As discussed in a previous post , canon tables were intended to be a functional component of a medieval Gospel manuscript.1 That is perhaps one reason for adding canon tables to an existing Gospel text, such as in the Book of Mulling. While the Mulling Gospels were likely copied in the eighth century, the canon tables are thought to have been inserted in a later period. Beyond their usefulness as a concordance, canon tables also demonstrated the harmony of the Evangelists’ texts.2 In some cases, the agreement was expressed with the decoration framing the tables.
The design of canon tables could vary from manuscript to manuscript. They could be quite plain, as seen in the Book of Mulling (fig. 1). The Mulling canons are simply columns of numbers separated by red vertical lines. Corresponding passages are listed in the same row and so the table resembles a modern spreadsheet.
By comparison, the canon tables in the Book of Kells are far more elaborate (figs. 2-3). The first eight tables in the Kells manuscript display the index in an architectural format.3 A hemispherical dome is supported by a series of columns, complete with bases and capitals as would be found in a real building. Section numbers are placed beneath the arches. The arrangement of the arcades into groups of three (fig. 3) or four (fig. 2) suited the layout of the tables and may have also been a reference to sacred buildings such as the shrine of the Holy Sepulchre in Jerusalem.4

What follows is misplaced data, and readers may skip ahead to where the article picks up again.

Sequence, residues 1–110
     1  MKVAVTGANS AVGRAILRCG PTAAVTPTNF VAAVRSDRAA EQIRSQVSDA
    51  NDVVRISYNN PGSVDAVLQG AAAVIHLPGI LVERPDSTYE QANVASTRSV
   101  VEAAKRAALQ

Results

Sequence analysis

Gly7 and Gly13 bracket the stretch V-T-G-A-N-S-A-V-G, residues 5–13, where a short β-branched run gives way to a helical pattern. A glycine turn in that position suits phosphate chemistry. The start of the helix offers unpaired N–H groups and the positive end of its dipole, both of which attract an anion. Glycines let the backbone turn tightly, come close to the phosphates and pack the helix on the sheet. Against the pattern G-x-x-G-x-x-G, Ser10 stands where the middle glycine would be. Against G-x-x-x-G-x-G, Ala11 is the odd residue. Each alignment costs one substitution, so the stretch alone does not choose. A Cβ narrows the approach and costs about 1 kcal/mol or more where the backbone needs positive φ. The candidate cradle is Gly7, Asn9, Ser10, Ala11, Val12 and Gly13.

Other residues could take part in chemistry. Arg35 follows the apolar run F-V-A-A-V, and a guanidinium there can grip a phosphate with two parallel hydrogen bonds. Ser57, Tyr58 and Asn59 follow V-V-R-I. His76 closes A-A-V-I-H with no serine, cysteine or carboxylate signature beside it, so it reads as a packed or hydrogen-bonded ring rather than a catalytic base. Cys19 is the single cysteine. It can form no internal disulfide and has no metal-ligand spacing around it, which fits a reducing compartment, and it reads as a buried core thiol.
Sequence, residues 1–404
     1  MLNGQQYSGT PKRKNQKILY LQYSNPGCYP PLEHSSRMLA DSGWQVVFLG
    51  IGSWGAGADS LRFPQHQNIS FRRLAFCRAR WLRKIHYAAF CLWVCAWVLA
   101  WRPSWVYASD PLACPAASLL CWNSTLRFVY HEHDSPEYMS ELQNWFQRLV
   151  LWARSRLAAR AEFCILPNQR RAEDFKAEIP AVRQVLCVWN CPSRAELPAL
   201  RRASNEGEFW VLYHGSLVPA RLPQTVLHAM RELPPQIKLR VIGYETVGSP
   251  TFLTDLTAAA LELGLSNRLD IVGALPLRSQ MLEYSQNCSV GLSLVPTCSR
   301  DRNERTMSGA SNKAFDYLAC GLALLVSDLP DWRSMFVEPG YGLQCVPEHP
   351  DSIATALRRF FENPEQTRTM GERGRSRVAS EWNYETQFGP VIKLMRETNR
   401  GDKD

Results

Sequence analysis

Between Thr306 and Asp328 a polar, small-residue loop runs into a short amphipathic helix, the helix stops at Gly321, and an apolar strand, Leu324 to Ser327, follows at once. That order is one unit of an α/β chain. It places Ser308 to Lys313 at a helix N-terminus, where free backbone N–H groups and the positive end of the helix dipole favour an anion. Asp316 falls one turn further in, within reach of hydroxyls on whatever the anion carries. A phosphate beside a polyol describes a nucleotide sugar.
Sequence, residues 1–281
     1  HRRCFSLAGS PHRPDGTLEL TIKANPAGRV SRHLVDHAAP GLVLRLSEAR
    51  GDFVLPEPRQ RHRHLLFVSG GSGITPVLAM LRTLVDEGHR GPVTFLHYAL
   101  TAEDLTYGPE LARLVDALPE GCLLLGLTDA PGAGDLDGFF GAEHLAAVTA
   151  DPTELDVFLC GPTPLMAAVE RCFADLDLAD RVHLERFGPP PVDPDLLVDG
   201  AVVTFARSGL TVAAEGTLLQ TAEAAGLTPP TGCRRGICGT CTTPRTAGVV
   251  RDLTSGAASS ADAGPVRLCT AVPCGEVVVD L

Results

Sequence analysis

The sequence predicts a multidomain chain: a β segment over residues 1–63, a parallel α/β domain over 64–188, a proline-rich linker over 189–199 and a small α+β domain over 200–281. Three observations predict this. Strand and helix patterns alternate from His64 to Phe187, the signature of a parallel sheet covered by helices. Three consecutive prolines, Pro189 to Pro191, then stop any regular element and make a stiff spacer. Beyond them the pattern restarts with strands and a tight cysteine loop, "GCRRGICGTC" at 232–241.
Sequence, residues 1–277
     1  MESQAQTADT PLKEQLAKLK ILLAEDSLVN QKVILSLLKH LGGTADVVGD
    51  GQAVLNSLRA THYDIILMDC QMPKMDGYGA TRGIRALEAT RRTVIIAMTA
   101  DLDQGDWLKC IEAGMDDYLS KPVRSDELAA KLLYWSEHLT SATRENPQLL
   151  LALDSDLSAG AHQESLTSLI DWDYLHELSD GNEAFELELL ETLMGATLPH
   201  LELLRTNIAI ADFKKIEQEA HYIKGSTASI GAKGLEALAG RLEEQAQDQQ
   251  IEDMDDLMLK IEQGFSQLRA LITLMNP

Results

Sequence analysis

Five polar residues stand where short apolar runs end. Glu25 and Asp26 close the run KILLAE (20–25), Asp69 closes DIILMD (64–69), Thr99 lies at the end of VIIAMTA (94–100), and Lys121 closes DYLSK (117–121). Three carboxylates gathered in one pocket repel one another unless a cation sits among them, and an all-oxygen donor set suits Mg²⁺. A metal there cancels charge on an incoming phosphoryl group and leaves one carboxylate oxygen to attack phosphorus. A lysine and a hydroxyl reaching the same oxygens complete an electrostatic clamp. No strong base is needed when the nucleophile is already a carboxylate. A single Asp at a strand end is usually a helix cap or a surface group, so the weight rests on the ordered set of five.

In addition to the arcade framework, the Kells canon tables use Evangelist symbols (see previous post) as visual cues to aid the reader. The symbols for each Gospel writer are positioned under the dome for the first canon table (fig. 2).5 Their presence confirms that this table is the concordance for all four Gospels. Similarly, the table for the second canon has only three symbols – those for Matthew, Mark and Luke, which verify the page as an index of those three Gospels (fig. 3).
The elaborate decoration for canon tables in a display book like the Book of Kells emphasizes the significance of Eusebius’ system for interpreting the Gospels. It may also shed light on the motivation for inserting canon tables, even in so simple a format, as a later addition to the Book of Mulling.
- For more on canon tables, see C. Nordenfalk, ‘The apostolic canon tables,’ Gazette des Beaux Artes, 6:62 (1963), 17-34.
- For more on visual representations of Gospel harmony in Insular manuscripts, see J. O’Reilly, ‘Gospel harmony and the names of Christ: Insular images of a patristic theme’, in K. Molinari and J. Sharpe (eds.), The Bible as Book: the Manuscript Tradition (London, 1997), pp. 73-88.
- For more on Insular canon table arcades, see E. Mullins, ‘The Canon Tables in Boulogne, Bibliot èque Municipale, MS 10,’ in E. Mullins and D. Scully (eds.), Listen, O Isles, unto Me: Studies in Medieval Word and Image in Honour of Jennifer O’Reilly (Cork, 2011), pp. 302-312, esp. pp.306-7.
- C. Neuman de Vegvar, ‘Remembering Jerusalem: architecture and meaning in Insular canon table arcades,’ in R. Moss (ed.), Making and Meaning in Insular Art (Dublin, 1997), pp. 242-256.
- For more on Evangelist symbols in canon tables see N. Netzer, ‘The Origin of the Beast Canon Tables Reconsidered,’ in F. O’Mahony (ed.), The Book of Kells (Dublin, 1994), pp. 322-32.